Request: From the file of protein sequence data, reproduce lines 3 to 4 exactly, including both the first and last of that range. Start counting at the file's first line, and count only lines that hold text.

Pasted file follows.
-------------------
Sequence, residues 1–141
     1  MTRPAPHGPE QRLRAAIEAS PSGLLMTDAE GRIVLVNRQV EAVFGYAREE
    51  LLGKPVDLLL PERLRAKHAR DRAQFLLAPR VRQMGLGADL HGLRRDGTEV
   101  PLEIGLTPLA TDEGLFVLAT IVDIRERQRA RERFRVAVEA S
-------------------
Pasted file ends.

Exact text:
    51  LLGKPVDLLL PERLRAKHAR DRAQFLLAPR VRQMGLGADL HGLRRDGTEV
   101  PLEIGLTPLA TDEGLFVLAT IVDIRERQRA RERFRVAVEA S